dairy

Dairy

Industry Insights

COVID-19 Industry Brief

EFFECTS OF THE CORONAVIRUS ON THE Dairy INDUSTRY Updated October 26, 2020

  • COVID-19 Market Impacts: Consistent with all food producers, the dairy industry was considered essential critical infrastructure at the onset of the pandemic. Nevertheless, dairy farmers have seen milk prices decline due to reduced institutional and food service demand. The U.S. Department of Agriculture’s Class III milk price was $16.43 per hundredweight (cwt) for the month of September, representing a decrease of $3.34 per cwt from the previous month. While September pricing was below the February price of $17per cwt, it was a significant improvement from the May trough of $12.14 per cwt, which was the lowest price seen in 2020 and lower than it had been in a decade. Market demand and pricing have been volatile since March creating difficulties for dairy farmers across the U.S. and required some to dump milk stocks and sell off older cows. According to Mark Stephenson, Director of Dairy Policy Analysis at the University of Wisconsin-Madison, the price volatility puts a tremendous strain on dairy farmers’ business.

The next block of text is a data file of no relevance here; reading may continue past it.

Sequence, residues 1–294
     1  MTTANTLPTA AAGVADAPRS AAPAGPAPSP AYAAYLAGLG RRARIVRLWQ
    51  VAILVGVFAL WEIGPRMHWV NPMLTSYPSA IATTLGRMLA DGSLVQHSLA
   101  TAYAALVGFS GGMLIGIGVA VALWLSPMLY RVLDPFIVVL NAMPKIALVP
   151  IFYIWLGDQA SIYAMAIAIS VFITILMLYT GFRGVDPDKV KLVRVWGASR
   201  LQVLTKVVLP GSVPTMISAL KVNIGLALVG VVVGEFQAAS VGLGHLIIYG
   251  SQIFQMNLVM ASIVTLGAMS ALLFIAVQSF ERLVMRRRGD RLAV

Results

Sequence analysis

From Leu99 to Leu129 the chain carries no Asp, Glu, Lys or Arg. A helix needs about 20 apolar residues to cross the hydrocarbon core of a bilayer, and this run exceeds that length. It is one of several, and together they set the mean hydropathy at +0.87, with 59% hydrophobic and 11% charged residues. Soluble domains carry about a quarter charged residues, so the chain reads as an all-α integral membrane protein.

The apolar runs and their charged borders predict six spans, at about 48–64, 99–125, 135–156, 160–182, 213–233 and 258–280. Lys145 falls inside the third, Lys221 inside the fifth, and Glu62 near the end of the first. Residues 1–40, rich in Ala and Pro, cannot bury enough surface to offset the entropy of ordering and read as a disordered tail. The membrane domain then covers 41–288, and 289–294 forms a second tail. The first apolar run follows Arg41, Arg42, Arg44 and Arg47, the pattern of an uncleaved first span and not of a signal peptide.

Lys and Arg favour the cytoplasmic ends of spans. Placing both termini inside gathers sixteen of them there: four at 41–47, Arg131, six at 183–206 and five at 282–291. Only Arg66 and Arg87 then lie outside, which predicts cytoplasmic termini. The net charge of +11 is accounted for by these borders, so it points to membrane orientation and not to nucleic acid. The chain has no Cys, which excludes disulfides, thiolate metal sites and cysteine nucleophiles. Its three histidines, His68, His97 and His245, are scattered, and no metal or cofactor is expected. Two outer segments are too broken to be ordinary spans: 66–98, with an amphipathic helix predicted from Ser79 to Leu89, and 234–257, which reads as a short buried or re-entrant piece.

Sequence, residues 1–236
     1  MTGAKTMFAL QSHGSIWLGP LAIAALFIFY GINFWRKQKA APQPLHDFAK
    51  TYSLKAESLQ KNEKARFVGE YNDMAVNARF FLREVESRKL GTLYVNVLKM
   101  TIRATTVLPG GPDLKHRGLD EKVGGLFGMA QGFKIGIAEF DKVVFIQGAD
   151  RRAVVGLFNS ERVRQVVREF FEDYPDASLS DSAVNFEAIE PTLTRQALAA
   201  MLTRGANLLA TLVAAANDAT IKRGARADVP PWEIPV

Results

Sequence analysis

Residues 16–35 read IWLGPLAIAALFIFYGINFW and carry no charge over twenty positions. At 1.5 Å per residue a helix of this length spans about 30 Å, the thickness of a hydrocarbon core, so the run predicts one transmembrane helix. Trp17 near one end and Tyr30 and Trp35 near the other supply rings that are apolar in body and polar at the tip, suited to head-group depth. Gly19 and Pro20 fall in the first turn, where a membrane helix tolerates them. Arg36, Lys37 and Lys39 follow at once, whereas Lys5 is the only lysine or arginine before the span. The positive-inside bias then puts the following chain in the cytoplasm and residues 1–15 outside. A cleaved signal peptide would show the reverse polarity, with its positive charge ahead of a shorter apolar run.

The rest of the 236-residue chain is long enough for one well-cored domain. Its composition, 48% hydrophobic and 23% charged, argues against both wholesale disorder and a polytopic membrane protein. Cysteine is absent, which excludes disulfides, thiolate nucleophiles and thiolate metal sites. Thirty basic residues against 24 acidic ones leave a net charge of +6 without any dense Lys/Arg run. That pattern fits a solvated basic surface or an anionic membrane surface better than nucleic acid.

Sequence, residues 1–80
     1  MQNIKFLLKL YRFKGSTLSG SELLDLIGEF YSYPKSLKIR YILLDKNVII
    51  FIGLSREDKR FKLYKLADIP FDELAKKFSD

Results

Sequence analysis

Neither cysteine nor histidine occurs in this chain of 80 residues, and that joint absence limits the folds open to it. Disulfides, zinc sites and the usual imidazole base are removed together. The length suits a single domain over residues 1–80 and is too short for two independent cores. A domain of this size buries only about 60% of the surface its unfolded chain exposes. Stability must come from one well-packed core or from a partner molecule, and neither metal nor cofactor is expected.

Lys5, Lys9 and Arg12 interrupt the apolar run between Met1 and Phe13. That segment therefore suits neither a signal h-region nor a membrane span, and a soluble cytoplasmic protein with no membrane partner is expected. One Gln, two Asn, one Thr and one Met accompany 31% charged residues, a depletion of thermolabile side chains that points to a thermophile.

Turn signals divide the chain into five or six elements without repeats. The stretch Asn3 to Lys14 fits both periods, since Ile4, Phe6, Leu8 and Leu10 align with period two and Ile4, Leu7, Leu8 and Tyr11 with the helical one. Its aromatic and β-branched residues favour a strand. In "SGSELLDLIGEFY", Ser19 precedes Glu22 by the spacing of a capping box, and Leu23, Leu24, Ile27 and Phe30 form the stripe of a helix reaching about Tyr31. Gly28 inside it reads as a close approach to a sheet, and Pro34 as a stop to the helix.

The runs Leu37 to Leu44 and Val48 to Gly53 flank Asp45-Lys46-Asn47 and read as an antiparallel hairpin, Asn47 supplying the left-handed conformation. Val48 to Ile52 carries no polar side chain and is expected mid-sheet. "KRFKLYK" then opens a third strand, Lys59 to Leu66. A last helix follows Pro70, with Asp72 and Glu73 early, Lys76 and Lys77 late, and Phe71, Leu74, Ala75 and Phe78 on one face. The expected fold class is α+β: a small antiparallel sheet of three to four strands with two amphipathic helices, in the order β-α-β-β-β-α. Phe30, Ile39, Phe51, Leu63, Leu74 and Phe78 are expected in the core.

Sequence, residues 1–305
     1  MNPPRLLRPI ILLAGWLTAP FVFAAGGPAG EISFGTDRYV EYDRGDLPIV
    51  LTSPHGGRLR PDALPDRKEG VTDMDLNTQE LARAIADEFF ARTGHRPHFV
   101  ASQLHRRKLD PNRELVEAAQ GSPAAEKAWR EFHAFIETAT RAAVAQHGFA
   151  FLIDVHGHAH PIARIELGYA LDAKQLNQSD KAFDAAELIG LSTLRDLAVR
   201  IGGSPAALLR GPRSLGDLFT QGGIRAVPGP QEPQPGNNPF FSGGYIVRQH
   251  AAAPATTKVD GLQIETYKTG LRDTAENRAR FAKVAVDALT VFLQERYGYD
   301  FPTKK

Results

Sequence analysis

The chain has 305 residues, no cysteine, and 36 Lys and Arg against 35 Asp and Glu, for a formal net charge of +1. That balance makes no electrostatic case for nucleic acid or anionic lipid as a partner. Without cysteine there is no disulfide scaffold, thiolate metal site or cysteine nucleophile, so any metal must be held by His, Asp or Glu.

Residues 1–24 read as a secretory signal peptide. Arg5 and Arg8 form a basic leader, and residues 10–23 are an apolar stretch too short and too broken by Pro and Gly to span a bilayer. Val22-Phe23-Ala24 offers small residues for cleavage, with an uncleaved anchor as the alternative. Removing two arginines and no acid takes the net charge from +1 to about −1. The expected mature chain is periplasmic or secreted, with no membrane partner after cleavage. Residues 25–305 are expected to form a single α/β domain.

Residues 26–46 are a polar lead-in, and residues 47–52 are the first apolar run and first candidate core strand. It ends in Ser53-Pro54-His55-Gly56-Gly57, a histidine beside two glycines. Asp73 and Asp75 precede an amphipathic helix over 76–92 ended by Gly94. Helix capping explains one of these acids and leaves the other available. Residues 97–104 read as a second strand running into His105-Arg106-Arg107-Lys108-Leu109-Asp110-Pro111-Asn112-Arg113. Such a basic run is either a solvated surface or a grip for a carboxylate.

• Weakness in the Milk Sector: While many food companies have seen significant demand for their products, agriculture executives note that the surge has not represented a fundamental shift in consumers’ overall food purchasing but rather an increase in consumption at home due to forced school and restaurant closures. Supermarkets and grocery stores have historically been the largest market segment for dairy products, and they have seen a decrease in demand. As demand for dairy has dropped since the onset of the COVID-19 pandemic, the industry has lowered prices to manage per capita dairy consumption. Going forward, industry performance and profit are likely to be hindered, as the active pandemic period extends and many downstream markets including hotels, schools and other food service outlets are forced to adjust to a lower level of operation for a longer term than initially expected. Rising infection rates across the U.S. have sparked fears of another full or partial shutdown of schools and businesses this winter.